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• CommentRowNumber1.
• CommentAuthorUrs
• CommentTimeDec 9th 2011

I have added to continuum a paragraph titled In cohesive homotopy type theory.

This is a simple observation and idea that I have been carrying around for a while. Several people are currently thinking about ways to axiomatize the reals in (homotopy) type theory.

With cohesive homotopy type theory there is what looks like an interesting option for an approach different to the other ones: one can ask more generally about line objects $\mathbb{A}^1$ that look like continua.

One simple way to axiomatize this would be to say:

1. $\mathbb{A}$ is a ring object;

2. it is geometrically contractible, $\mathbf{\Pi} \mathbb{A} \simeq *$.

The last condition reflects the “continuumness”. For instance in the standard model Smooth∞Grpd for smooth homotopy cohesion, this distibuishes $\mathbb{A} = \mathbb{Z}, \mathbb{Q}$ from $\mathbb{A} = \mathbb{R}, \mathbb{C}$.

So while this axiomatization clearly captures one aspect of “continuum” very elegantly, I don’t know yet how far one can carry this in order to actually derive statements that one would want to make, say, about the real numbers.

• CommentRowNumber2.
• CommentAuthorTodd_Trimble
• CommentTimeSep 30th 2012
• (edited Sep 30th 2012)

I just saw this page. A remark that you might like is that if $\mathbb{A}$ is a path-connected internal ring in (say) $Top$, then it is automatically contractible. Actually, all we really need is that there is a path $\alpha: I \to \mathbb{A}$ that connects the additive identity $0$ to the multiplicative identity $1$, since then

$I \times \mathbb{A} \stackrel{\alpha \times 1}{\to} \mathbb{A} \times \mathbb{A} \stackrel{mult}{\to} \mathbb{A}$

defines a contracting homotopy.

The reason I’m bringing this up is that the first section of continuum mentions connectedness but not at all contractibility. The two are brought together when we have a ring object.

• CommentRowNumber3.
• CommentAuthorUrs
• CommentTimeSep 30th 2012

Thanks, good point. I have added a remark on this.

I have tried to state it in generality: if there is a subobject $I \hookrightarrow \mathbb{A}^1$ which is itself geometrically contractible and contains the elements 0 and 1, then this implies already that the ring object $\mathbb{A}^1$ is geometrically conctractible.

(This needs of the axioms of cohesion the statement that $\Pi$ preserves products! )

• CommentRowNumber4.
• CommentAuthorTodd_Trimble
• CommentTimeSep 30th 2012

Of course, $i: I \to \mathbb{A}$ doesn’t have to be a subobject. All we need is an interval (a cospan $\ast \to I \leftarrow \ast$ such that $I$ is geometrically contractible) together with a cospan map from the interval cospan to the cospan $\ast \stackrel{0}{\to} \mathbb{A} \stackrel{1}{\leftarrow} \ast$.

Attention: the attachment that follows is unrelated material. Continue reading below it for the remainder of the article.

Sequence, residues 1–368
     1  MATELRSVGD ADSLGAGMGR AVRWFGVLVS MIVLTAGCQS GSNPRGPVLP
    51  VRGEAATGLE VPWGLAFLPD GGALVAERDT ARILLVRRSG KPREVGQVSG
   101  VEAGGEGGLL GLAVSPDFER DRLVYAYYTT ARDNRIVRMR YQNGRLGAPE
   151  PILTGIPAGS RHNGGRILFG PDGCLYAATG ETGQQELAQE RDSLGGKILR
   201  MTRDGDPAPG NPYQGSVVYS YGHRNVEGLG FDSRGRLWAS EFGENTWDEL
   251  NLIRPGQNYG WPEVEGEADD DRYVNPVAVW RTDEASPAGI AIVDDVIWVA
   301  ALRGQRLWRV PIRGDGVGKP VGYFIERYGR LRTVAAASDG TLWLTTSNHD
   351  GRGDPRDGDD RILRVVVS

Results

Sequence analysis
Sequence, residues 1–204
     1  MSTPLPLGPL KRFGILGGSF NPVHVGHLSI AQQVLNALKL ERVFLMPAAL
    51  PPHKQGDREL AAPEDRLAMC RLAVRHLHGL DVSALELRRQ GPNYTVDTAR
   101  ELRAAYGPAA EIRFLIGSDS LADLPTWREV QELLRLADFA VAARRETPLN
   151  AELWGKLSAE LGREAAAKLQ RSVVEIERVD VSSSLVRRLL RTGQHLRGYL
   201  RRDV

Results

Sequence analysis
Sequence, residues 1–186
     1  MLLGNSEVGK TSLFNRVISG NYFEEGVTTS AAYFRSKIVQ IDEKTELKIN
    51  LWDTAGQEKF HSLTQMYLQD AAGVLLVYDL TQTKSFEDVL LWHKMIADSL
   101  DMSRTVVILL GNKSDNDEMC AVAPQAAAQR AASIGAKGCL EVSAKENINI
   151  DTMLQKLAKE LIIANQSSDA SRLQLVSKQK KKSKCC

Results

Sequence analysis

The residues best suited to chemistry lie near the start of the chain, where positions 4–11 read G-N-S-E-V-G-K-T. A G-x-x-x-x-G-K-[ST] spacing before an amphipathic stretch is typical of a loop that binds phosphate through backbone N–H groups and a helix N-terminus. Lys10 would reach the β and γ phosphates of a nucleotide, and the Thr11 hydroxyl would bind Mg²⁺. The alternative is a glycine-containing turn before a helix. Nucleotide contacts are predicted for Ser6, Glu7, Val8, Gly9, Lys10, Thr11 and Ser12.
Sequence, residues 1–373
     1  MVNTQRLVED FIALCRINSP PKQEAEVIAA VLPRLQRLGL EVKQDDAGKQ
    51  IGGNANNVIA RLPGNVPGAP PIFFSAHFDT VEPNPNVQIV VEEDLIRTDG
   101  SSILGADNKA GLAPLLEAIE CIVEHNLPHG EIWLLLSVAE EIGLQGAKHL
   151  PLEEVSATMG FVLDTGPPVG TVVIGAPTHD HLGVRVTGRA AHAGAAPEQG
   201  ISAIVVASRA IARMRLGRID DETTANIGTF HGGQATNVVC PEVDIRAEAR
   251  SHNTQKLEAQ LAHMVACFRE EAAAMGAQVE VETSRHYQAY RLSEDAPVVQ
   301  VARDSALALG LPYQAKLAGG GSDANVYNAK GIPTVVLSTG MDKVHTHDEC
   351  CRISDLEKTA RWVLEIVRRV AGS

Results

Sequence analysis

If you don’t object, I’ll add this in.

• CommentRowNumber5.
• CommentAuthorUrs
• CommentTimeSep 30th 2012

Sure, very good.

• CommentRowNumber6.
• CommentAuthorTodd_Trimble
• CommentTimeSep 30th 2012

Okay, I added something in. Not knowing the best terminology, I referred to a map from an interval type $(left, right, I)$ to the bipointed type $(0, 1, \mathbb{A}^1)$. By the way, I changed in this section “continuum” to “line continuum”, to avoid conflict with the way that “continuum” was being used in the previous section. Hope that’s okay with you.

• CommentRowNumber7.
• CommentAuthorUrs
• CommentTimeSep 30th 2012

Thanks. I had entirely forgotten that we have interval type.

• CommentRowNumber8.
• CommentAuthorUrs
• CommentTimeSep 30th 2012
• (edited Sep 30th 2012)

Wait, we have to be careful here. The unit interval $[0,1] \in TopMfd \hookrightarrow ETop\inftyGrpd$ is not (the interpretation of) an interval type. Instead $\Pi([0,1]) \in \infty Grpd$ is:

the difference is that an interval type is required to have its endpoints be equivalent by morphism. But in $[0,1]$ there are no non-trivial morphisms at all.

I’ll edit at continuum a bit more to reflect this.

• CommentRowNumber9.
• CommentAuthorMike Shulman
• CommentTimeOct 1st 2012

This is nice!

• CommentRowNumber10.
• CommentAuthorUrs
• CommentTimeSep 27th 2013

• CommentRowNumber11.
• CommentAuthorMike Shulman
• CommentTimeSep 28th 2013

He didn’t mention the higher inductive-inductive Cauchy reals! (-: Although I suppose he also didn’t mention the problem with the Cauchy reals that they solve (lack of Cauchy-completeness), while they don’t solve the problem with the Cauchy reals that he did mention (undesirable behavior in models).